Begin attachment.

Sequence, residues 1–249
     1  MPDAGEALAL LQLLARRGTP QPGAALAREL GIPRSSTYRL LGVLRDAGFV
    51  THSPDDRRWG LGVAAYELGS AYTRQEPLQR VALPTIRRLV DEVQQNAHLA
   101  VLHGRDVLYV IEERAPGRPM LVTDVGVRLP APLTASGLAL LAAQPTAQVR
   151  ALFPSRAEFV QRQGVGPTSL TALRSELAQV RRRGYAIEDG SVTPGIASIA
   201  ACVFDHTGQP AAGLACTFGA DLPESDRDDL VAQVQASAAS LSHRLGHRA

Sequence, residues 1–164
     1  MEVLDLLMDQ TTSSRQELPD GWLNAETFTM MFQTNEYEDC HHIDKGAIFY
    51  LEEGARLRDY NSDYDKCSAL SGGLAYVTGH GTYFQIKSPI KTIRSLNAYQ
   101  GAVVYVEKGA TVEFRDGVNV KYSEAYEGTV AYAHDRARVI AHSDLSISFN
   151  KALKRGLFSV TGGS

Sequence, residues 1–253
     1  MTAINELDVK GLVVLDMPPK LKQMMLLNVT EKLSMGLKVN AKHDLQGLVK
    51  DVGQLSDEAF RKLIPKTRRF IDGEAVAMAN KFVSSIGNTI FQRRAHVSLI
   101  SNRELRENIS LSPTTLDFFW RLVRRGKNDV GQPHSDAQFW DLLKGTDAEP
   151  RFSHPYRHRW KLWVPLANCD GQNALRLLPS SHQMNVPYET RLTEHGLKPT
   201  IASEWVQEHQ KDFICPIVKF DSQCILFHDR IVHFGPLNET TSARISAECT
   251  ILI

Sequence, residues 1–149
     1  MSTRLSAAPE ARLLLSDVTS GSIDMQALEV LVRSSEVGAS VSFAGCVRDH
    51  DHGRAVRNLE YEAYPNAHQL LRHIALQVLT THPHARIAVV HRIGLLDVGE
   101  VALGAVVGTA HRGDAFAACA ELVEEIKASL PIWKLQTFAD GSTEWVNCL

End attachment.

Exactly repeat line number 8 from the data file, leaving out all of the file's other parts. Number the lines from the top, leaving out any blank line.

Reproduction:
     1  MEVLDLLMDQ TTSSRQELPD GWLNAETFTM MFQTNEYEDC HHIDKGAIFY